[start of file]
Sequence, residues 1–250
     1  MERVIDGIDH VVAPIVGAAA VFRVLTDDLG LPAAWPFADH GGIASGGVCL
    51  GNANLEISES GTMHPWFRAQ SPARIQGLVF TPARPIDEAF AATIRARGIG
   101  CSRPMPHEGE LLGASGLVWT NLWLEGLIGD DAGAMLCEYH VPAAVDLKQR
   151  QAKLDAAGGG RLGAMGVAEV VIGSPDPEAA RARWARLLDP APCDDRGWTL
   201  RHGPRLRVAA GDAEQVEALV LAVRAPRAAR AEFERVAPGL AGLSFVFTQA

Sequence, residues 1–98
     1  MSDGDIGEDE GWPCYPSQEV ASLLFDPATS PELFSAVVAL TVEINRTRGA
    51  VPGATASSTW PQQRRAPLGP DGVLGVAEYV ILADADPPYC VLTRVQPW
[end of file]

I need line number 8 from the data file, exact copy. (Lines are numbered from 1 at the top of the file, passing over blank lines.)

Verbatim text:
     1  MSDGDIGEDE GWPCYPSQEV ASLLFDPATS PELFSAVVAL TVEINRTRGA